Six of the Kushner Cos. buildings are in New York City’s Brooklyn Heights area, with views of the Brooklyn Bridge and Manhattan skyline, where a five-bedroom apartment recently listed for $8 million. Two more are in the beach town of Long Branch, New Jersey, where some oceanfront condos within steps of a white-tablecloth Italian restaurant and a Lululemon yoga shop list for as much as $2.7 million.

So, let’s get the disclaimers out of the way. No, the Associated Press didn’t find evidence that either Jared Kushner or Ivanka Trump played any role in deciding which communities would get the coveted Opportunity Zone imprimatur. That’s decided by individual state government authorities, so it’s hard to hold President Trump’s daughter and son-in-law responsible for state governments’ deeming such wealthy neighborhoods as New York’s Brooklyn Heights or Long Island City as somehow disadvantaged. Nor have they said whether they even use the tax credit when eligible.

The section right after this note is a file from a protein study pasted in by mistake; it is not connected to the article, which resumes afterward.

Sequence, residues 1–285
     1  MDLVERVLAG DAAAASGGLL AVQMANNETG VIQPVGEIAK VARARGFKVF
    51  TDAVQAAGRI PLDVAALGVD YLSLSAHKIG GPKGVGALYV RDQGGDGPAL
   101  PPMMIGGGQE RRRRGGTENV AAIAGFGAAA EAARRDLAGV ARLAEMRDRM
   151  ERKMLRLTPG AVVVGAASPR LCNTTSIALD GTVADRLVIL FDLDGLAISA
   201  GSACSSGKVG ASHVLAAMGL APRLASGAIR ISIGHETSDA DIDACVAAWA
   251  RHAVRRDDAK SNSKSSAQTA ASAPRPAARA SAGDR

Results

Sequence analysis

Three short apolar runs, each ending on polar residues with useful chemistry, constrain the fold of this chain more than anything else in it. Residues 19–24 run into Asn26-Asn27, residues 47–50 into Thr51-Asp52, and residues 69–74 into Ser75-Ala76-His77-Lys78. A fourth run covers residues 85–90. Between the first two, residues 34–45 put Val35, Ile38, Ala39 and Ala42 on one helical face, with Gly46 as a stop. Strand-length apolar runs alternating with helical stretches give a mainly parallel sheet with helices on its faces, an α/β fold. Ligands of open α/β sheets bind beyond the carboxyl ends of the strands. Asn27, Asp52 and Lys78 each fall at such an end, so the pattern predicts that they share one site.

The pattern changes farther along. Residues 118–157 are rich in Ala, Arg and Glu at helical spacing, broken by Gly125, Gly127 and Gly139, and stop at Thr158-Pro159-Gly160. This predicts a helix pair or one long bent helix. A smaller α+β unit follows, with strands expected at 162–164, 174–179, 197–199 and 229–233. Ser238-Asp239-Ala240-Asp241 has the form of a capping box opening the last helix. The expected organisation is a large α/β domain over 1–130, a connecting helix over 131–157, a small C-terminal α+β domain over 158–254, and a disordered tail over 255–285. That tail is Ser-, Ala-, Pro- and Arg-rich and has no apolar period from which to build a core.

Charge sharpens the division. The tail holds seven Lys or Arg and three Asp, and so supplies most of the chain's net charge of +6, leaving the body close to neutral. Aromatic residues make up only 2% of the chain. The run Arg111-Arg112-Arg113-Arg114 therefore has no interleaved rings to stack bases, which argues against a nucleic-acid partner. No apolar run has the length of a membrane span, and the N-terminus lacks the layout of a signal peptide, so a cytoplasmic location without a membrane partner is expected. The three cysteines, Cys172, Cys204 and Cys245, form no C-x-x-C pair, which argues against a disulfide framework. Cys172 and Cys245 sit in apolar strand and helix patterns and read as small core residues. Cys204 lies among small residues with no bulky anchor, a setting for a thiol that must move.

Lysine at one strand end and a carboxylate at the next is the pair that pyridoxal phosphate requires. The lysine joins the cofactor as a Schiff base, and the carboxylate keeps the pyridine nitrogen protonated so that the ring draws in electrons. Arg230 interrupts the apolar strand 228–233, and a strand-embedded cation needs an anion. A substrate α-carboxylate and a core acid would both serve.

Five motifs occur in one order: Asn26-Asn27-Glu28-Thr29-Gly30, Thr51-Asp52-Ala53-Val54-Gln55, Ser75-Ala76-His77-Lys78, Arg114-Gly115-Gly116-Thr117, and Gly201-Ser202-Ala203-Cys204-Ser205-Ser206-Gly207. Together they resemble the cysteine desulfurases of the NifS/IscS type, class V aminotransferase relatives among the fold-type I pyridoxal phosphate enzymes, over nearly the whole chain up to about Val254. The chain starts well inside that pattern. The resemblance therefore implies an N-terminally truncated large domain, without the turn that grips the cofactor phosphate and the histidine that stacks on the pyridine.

Follow Helaine Olen's opinionsFollow

But still. The Associated Press quotes “government watchdogs” kindly calling this an “ethical minefield,” and the article points out that, despite blind trusts, and even if the couple refrains from ever filing to receive a single penny via an Opportunity Zone, it’s quite likely the properties will benefit from an increase in prices in the chosen neighborhoods.